John F. McCullagh

Veteran Poet - 1,203 Points (09/28/1954 / Flushing)

To A Violent Grave - Poem by John F. McCullagh

He was certainly buzzed,
Drunk, a better word,
When his convertibles wheel
Struck a tree near the curb..
A woman’s scream;
then silence, shock.
He whispered her name
But no one answered back.

The artist was dying,
But still he observed:
The drip, drip, of his blood
Onto asphalt that’s cracked.
Death imitates art.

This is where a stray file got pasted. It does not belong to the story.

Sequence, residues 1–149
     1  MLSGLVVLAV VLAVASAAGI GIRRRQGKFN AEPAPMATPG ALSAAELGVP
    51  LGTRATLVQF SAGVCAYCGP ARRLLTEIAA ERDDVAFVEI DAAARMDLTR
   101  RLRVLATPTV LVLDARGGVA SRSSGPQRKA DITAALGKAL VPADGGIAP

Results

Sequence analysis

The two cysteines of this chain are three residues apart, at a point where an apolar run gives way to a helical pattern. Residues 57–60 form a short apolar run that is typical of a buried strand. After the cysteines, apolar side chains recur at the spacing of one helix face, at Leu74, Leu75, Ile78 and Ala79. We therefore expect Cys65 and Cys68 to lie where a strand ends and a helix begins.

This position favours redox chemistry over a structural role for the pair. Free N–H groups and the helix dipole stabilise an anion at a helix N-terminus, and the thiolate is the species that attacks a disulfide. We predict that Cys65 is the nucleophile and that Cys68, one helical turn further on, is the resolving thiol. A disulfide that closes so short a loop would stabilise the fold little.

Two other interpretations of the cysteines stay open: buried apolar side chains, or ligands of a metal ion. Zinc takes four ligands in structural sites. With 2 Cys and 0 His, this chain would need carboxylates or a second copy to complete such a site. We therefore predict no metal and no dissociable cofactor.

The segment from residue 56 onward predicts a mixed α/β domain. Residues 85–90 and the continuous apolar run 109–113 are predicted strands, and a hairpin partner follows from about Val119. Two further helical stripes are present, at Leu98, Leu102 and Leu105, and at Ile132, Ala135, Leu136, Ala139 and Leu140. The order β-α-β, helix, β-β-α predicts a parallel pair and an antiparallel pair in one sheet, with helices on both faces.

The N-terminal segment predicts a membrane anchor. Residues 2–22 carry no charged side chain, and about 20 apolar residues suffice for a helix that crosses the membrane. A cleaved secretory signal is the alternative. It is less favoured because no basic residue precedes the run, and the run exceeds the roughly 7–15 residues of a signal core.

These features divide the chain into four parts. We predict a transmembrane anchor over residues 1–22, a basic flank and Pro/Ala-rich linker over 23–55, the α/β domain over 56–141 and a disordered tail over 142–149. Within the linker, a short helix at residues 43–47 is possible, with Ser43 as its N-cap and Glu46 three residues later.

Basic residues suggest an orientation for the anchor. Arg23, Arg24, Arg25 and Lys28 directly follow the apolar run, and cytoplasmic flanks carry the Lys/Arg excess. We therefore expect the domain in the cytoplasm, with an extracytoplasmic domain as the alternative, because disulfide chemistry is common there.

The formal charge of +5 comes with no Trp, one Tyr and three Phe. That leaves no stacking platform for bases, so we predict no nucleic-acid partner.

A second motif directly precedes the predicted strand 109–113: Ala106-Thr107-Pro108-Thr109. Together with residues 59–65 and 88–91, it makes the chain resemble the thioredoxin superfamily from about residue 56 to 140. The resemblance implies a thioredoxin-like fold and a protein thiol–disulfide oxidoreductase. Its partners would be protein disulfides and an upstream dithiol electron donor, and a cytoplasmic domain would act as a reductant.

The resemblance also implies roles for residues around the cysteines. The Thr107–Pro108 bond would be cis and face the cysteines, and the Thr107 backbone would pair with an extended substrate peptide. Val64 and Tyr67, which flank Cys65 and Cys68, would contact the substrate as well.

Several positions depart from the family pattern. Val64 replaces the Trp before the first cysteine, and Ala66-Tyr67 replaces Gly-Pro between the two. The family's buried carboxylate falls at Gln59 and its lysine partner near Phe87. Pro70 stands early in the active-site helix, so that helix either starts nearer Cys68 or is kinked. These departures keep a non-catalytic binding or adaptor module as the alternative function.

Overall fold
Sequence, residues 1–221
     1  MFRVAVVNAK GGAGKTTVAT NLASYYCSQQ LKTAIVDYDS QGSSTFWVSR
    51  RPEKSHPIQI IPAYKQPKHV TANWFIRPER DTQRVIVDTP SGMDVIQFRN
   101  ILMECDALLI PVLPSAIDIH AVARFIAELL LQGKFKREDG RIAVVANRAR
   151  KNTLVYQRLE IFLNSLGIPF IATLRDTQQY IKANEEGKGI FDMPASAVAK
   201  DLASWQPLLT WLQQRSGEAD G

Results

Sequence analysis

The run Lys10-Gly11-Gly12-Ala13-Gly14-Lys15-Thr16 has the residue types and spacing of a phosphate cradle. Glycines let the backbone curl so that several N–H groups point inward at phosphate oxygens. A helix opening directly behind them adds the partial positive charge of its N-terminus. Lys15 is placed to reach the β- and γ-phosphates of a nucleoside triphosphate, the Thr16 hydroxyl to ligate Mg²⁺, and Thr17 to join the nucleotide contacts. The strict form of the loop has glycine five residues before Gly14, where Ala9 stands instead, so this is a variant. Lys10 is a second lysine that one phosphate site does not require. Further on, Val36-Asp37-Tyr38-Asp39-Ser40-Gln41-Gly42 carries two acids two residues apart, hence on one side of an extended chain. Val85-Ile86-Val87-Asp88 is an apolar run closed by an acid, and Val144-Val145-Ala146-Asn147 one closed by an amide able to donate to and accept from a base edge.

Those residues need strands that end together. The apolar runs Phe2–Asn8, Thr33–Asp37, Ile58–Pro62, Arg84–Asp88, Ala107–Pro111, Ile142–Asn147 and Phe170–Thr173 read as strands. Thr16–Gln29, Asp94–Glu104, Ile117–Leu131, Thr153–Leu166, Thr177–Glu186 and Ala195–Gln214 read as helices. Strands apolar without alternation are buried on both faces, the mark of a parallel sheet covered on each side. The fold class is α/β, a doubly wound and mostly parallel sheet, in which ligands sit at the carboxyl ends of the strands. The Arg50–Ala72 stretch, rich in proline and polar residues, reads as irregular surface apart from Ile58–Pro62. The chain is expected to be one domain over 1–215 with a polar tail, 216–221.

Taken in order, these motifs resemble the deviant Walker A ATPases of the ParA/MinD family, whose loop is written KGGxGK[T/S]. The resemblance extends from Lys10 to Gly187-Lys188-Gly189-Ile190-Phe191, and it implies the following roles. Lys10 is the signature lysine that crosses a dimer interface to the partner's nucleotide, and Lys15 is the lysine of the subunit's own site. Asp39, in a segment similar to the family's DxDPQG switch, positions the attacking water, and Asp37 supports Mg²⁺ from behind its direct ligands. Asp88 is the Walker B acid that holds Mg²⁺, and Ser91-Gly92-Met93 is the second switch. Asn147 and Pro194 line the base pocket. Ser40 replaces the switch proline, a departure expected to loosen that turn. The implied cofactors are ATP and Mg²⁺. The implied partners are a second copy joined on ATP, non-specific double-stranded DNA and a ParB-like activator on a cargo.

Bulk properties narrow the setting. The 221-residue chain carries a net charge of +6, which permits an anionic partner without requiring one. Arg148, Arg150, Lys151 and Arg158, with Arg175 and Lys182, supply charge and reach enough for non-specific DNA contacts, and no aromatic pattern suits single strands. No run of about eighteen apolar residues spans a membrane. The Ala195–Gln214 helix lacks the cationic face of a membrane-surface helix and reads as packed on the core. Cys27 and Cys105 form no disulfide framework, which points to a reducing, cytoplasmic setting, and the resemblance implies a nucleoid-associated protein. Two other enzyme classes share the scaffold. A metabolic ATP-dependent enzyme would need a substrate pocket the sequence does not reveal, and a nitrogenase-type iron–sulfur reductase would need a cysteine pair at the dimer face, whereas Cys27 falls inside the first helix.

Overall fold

Now break, gentle heart.
Sirens sound in the distance
a bright light in the dark.
As all neurons fired
in search of a spark.

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Poet's Notes about The Poem

On August 11,1956, at 10: 15 pm, Jackson Pollock died in a single-car crash in his Oldsmobile convertible while driving under the influence of alcohol. One of the passengers, Edith Metzger, was also killed in the accident, which occurred less than a mile from Pollock's home. The other passenger, Ruth Kligman, an artist and Pollock's mistress, survived.

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Poem Submitted: Friday, October 25, 2013

Poem Edited: Saturday, October 26, 2013


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